Wednesday

28th Feb 2024

China's 'new era' means balance with EU

  • Xi (c), with EU's Juncker (l) and Tusk (r). The Chinese leader wants to combine "socialism with Chinese characteristics" and global "peaceful coexistence". (Photo: EU External Action Service)

Chinese leader Xi Jinping won a second term on Wednesday (25 October) as leader of the country's ruling communist party, with a promise of a "new era" for China.

While Xi said that he would continue to develop a "socialism with Chinese characteristics" at home, China under his rule will pursue a foreign policy guided by the so-called "five principles of peaceful coexistence" that should not fundamentally change its relations with the EU.

Read and decide

Join EUobserver today

Get the EU news that really matters

Instant access to all articles — and 20 years of archives. 14-day free trial.

... or subscribe as a group

"We have every reason to strengthen our cooperation with our EU friends," said Yang Xiaoguang, political counsellor at the Chinese mission to the EU.

Yang, who was speaking at an event at the Brussels Press Club, insisted that "China's development will contribute to China-EU strategic partnership."

In the coming years, China "will actively promote international cooperation" and "continue to take an active part in reforming and developing the global governance system," says the resolution on the communist party's report adopted by the 19th party congress.

"For the first time", the report itself "mentions the balance in great power relationships," political scientist Song Xinning noted at the event.

"The EU is not mentioned, but everyone knows that great powers are the EU and the US," Song, who is director of the Confucius Institute at Vrije Universiteit Brussels, told EUobserver.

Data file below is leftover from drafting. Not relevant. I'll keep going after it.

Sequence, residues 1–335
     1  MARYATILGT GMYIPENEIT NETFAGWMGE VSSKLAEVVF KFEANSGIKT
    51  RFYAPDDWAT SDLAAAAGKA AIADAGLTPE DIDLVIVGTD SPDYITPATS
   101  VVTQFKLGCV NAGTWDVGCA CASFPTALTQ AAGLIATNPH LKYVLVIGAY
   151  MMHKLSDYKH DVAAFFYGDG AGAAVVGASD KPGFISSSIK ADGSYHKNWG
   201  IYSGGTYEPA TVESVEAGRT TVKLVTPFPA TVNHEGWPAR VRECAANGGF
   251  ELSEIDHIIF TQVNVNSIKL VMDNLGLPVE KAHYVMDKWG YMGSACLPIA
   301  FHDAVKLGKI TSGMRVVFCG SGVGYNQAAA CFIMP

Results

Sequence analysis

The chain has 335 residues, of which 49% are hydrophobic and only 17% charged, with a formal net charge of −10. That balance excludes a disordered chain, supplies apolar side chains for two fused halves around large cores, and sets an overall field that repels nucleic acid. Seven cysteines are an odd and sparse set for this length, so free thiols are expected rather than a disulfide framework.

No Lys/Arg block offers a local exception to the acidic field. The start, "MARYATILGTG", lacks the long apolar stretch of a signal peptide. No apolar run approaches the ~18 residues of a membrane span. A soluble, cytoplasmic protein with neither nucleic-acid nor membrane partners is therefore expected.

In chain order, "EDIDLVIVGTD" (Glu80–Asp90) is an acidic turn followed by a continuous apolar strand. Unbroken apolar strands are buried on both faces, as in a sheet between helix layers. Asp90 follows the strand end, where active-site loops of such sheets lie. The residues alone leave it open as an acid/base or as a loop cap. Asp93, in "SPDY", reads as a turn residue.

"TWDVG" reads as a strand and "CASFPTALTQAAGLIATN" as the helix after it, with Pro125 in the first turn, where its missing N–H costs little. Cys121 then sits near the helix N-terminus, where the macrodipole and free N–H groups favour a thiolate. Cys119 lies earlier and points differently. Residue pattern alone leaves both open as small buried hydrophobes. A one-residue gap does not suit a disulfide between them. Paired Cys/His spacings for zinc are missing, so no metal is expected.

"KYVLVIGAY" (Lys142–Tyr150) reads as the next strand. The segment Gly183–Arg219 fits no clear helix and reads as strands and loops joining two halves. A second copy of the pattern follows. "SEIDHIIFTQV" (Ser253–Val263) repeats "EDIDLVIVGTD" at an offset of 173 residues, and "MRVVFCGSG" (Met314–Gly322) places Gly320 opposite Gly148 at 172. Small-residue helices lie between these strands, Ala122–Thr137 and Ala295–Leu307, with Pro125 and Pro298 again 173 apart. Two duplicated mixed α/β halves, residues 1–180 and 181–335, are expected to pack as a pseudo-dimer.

He said that China's insistence on balanced relationships and "more equality" between powers was "good news for the EU."

"The question is: how to define 'balanced relationship'," he added.

Song said that when it comes to its relations with the EU, the "economy is still the priority."

But when they negotiate, Chinese negotiators tell their interlocutors that the EU is less open to China than China is to the EU, the political scientist pointed out.

No major problem for EU-China

In recent weeks, the EU announced that it will screen foreign investments in strategic sectors, and it introduced a new method to calculate dumping.

While both measures can be applied to any country, they were seen mainly as a way to protect the EU against Chinese activities.

Song noted, however, that the anti-dumping policy should "not be a major problem for EU-China relations", as it concerns only one percent of their bilateral trade.

EU-China trade relations "are, in general, very healthy," Yang from the Chinese mission insisted. "Almost 99 percent of them are positive."

In the coming years, relations between the two powers will also depend on how the EU develops its global policy.

"Where is the one-Europe?," Song asked, referring to the bloc's capacity to project a single diplomacy.

'What do we want from China?'

He noted that Beijing was waiting see how Brussels and the 28 member states "can be an international actor beyond economics."

When it comes to bilateral relations, "the question at the forefront is: what do we want from China?," China expert Berry Brown pointed out during the panel discussion.